Nechako Watershed Strategy Expected this Fall
Prince George, B.C. – The Nechako watershed is roughly the size of Switzerland and the Nechako Watershed Roundtable has been developed to try and ensure the watershed remains healthy for generations to come.
(at right, the Nechako watershed outlined in red)
The NWR has a core leadership committee made up of representatives from local governments, First Nations, and other government agencies to identify and address some of the challenges facing the watershed. Those challenges include the mountain pine beetle epidemic, climate change, and the spruce beetle.
Under the wing of the Fraser Basin Council, the Nechako Watershed Roundtable (NWR) has no regulatory or legislative authority, it can only act in an advisory capacity.
The current work of the NWR is the development of a strategy, but before they can do that, there is a lot of data to collect and share as not all members of the NWR know all the information that has been developed over the years on this subject.
Fraser Basin Council Assistant Regional Manager Theresa Fresco says the strategy has three main aims:
- to profile the key watershed issues and concerns
- identify priority actions to address those concerns
- identify commitments from various organizations to implement the actions.
“We have completed quite an amount of work to date” says Fresco, who adds that work includes establishing a technical advisory committee which can assist the Roundtable on technical issues.
A key piece of the NWR’s work will be to find funding to support the implementation of their action plan.
Rio Tinto Alcan is not part of the Core Leadership committee but has a community liaison representative at the broader roundtable and is part of the technical advisory committee.”They have a lot of access to information and data that are important to the process” says Fresco “They have been quite transparent in that regard, providing us with that information.”
Fresco says community consultations have identified concerns about flooding and erosion “So essentially what the strategy is meant to do is create a bit of a map of what those issues and concerns are , as well as to explore what are the current regulations that exist, what are the current targets that Rio Tinto has to meet in terms of flows because they do have that regulated and a lot of people don’t know what that target is. So once we have a better sense of that baseline information, we can start to look at what are some actions we can take moving forward? Is that the role of the Roundtable or is that something that is in the Province’s hands for example.”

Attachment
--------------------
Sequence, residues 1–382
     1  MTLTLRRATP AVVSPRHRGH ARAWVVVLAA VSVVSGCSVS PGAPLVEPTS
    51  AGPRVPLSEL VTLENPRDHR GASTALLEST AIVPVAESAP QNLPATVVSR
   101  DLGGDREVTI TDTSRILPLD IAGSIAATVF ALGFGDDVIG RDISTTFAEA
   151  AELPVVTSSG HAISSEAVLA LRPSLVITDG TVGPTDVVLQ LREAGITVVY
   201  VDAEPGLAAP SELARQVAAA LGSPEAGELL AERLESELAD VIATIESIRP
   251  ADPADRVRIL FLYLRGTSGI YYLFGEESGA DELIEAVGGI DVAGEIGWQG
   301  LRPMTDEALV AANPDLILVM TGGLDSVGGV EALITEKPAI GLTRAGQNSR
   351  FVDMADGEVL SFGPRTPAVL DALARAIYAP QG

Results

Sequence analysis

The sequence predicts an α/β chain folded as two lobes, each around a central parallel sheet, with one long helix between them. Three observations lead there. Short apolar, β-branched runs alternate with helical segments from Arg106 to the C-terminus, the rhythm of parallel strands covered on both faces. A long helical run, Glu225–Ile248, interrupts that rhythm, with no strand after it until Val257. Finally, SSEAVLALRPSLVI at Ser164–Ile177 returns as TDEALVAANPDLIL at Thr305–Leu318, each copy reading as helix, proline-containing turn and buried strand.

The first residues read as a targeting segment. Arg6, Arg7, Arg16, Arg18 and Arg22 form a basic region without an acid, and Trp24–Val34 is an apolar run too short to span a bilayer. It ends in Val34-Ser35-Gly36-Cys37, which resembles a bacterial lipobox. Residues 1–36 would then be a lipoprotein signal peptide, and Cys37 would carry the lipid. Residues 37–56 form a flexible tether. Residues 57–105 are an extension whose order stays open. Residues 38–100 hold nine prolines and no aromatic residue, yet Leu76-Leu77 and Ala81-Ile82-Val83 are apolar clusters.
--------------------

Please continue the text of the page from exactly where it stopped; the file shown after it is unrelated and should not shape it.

Fresco says the NWR hopes to roll out its strategy by mid October.
For those who gave me thumbs down on an earlier post about Rio Tinto not having control of the Nechako that the Nwchako is 70% wild. The map in this post proves my point. Facts not emotion.
Do not confuse the Nechako “watershed” with the Nechako River. Rio Tinto Alcan has full control of the levels of the Nechako River.
No, the Nechako watershed is what feeds the Nechako river. The lakes feeding kemano are part of the Nechako water shed and Rio Tinto has control over that to a point until nature takes over where Rio Tinto has to spill excess water.
Look at the map, the area in red feeds the Nechako river. Rio Tinto only has more accurately, some control over part of the water shed. 70% of the river is wild, yes Rio has some control but not all.
This gets convoluted, 70% of the watershed is wild but Rio Tinto water licence can take about 70% of the water volume. Rio still does not have total control.
Isn’t this sort of a chicken vs. the egg thing?
I agree that they can’t control the amount of water dumping into the Nechako from say the Stuart/Trembleur/Takla watershed, but if there was a massive amount of water coming in from there, wouldn’t they just let far less water through the spillway?
Said another way, aren’t the levels in the Nechako essentially “artificial” in the sense that they would be heavily managed and controlled based on how much water they decide to let through? This, as opposed to a truly wild river which is at the complete mercy of mother nature.
If there is massive amounts of water from the mentioned sources then most likely lots of water flowing into the reservoir and spilling may be required to manage reservoir levels adding to the flow.
Only so much water can be passed through kemano which leaves the spill into the Nechako.
Great follow up Elaine:)
The Kenny damn and Cheslatta falls probably look nice this time of year.
Mr. Ben Meisner would have been in on that round table I’ll bet.
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